I’ve had some incredible experiences and opportunities over the last 24 years, so it’s hard to pick just one. A few of the highlights include:

  • As a junior officer, I enjoyed learning manual methods of hydrography including establishing our own tide gauges and SCUBA diving to identify and measure seafloor targets that we could not resolve with our sonars. Our tools are much better now, but understanding this background is still important!
  • Entering magnificent Kuiukta Bay in remote Southwest Alaska for the first time when we arrived to survey those waters aboard NOAA Ship Rainier. The nautical charts were basically blank when we arrived, so we had all the ship’s small survey launches out ahead of the ship to ensure there were no hazards and find a suitable anchorage.
  • Sailing between Puget Sound and Alaska via the Inside Passage of British Columbia and Southeast Alaska. There’s a reason people pay to explore those waters by cruise ship!
  • Serving in an innovative community which pioneers new methods and applications of ocean mapping. This has included doing the first tests of uncrewed systems as a junior officer in our research lab and later as Commanding Officer of NOAA Ship Ferdinand R. Hassler, and implementing new procedures for surveying and data processing which made our data useful not just for nautical charts, but also habitat mapping and other science applications.
  • Working on the staff of the NOAA administrator. The hours were long and keeping up with the NOAA leadership team was challenging, but it was a tremendous opportunity to learn how NOAA really works and build a cohort of close friends who have sustained and supported each other through our careers ever since.
  • The opportunity to command not just one, but two NOAA ships. There were times when this was difficult and frustrating, but the teamwork, camaraderie, and sense of accomplishment more than made up for it. Whatever else I do, this was probably the best job I will ever have.
  • More recently, I’ve been privileged to serve as Flag Sponsor for two of our NOAA Corps Basic Officer Training Classes . This is the initial training for incoming NOAA Corps Officer Candidates, which is integrated with the Coast Guard’s Officer Candidate School. As Flag Sponsor, I meet with the officer candidates several times over the course of their training, and play a small role in mentoring and training this next generation of leaders. This was my favorite aspect of command at sea, so I’m glad to have the opportunity to continue this.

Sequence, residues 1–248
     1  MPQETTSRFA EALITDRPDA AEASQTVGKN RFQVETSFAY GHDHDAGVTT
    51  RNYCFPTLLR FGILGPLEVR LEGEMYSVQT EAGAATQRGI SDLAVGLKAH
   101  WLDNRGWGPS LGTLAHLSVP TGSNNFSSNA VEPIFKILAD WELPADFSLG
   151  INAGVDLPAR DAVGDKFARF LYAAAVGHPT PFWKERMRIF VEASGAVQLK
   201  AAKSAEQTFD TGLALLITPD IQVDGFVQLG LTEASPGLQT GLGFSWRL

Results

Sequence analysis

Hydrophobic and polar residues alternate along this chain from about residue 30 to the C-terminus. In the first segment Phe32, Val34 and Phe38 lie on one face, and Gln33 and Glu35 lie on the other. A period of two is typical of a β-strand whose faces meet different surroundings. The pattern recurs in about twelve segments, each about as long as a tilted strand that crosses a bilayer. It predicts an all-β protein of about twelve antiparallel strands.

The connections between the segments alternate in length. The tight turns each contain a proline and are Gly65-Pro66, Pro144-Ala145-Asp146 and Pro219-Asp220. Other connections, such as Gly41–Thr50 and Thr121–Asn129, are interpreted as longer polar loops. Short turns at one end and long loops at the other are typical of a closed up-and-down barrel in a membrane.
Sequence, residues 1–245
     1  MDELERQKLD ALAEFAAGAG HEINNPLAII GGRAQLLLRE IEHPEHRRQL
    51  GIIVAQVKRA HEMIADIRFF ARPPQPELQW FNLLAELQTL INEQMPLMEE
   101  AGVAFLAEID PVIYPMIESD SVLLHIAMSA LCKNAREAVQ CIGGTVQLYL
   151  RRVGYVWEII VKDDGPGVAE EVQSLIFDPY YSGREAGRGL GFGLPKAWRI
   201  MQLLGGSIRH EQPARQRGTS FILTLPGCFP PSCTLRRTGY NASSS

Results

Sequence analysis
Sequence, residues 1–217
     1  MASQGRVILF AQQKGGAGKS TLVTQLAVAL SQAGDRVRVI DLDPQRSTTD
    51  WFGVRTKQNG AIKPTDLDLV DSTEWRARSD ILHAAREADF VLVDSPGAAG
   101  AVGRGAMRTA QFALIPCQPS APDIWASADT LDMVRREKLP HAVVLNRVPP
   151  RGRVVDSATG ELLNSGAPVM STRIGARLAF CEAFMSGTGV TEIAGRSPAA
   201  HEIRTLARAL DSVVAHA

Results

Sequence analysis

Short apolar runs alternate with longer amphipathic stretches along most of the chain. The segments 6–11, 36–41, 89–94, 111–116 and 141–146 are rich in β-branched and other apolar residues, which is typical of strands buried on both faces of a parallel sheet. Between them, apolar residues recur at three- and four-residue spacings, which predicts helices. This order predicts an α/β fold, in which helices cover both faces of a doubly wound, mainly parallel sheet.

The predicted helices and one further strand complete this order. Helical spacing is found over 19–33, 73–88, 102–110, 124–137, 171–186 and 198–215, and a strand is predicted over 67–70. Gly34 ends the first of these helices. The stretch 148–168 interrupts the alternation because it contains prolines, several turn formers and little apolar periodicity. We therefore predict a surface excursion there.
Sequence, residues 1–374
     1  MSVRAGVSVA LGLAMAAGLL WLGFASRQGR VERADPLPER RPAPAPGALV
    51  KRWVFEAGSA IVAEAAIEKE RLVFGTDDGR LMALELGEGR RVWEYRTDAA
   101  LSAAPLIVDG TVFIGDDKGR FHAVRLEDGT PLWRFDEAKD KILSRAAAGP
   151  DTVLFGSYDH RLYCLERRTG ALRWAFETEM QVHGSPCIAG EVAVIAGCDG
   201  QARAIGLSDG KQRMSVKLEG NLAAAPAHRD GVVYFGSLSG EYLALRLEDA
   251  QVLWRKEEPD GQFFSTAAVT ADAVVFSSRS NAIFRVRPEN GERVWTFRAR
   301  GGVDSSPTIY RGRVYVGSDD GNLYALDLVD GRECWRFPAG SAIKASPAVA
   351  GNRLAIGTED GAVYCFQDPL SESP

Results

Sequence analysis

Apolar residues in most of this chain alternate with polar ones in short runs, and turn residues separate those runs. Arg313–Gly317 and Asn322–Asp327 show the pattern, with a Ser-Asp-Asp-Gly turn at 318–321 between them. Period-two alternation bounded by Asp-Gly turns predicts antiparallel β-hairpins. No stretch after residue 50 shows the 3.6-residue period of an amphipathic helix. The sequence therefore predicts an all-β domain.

• Representing the United States in the international hydrography and nautical charting community is a tremendous honor and privilege. I’m always reminded of the incredible expertise and capability the United States brings to the world, and our ability to use these abilities to improve sustainable economic growth, environmental stewardship, and security worldwide.

What advice would you give to someone who wants to be a NOAA Corps Officer?

Serving in the uniform of the United States is a privilege, but also a heavy responsibility. It requires technical and operational skill, so I recommend taking every opportunity to build your STEM (science, technology, engineering and math) background and looking for opportunities to take this knowledge into the field. Operational expertise is also essential, so experience with small boats, aviation, or other similar activities can help prepare you. However, in many respects, these are the easy parts. As a NOAA Corps officer, you will not just be a practitioner. You will be a leader, a follower, and often both at the same time, at sea or in the air, and ashore. Your success will depend on your ability to communicate effectively with a wide range of audiences, above and below you in the chain of command. So, while STEM and operational skills are critical for all officers, writing and speaking can be the difference between a good officer and a great one.


As a practical matter, life in any uniformed service, including the NOAA Corps, can be challenging. The work is rewarding and the benefits are outstanding – but it also requires long periods away from home, working long hours and days, without the freedom to pursue the personal priorities of civilian life. I recommend those interested look for opportunities to give this a try, by volunteering with NOAA, participating in an internship, interviewing or shadowing current officers, or other similar opportunities. (The NOAA Corps recruiters can help potential candidates connect with these experiences.)  It is also important that officers have strong support networks which appreciate the value of the work, and can help sustain them through it. As you learn about the Corps, talk it over with friends and family – they will be with you on this adventure, and will help see you through it successfully. 

What do you like to do outside of work?

My wife and I are fortunate to have two active children, who are currently 15 and 12, so my time outside of work is mainly spent trying to keep up with them and experience as much as we can together while they are still at home. Fortunately, we all have compatible interests – travel, sailing, hiking, skiing, and other outdoor pursuits, as well as movies and games. We also recently added a very rambunctious puppy to the mix!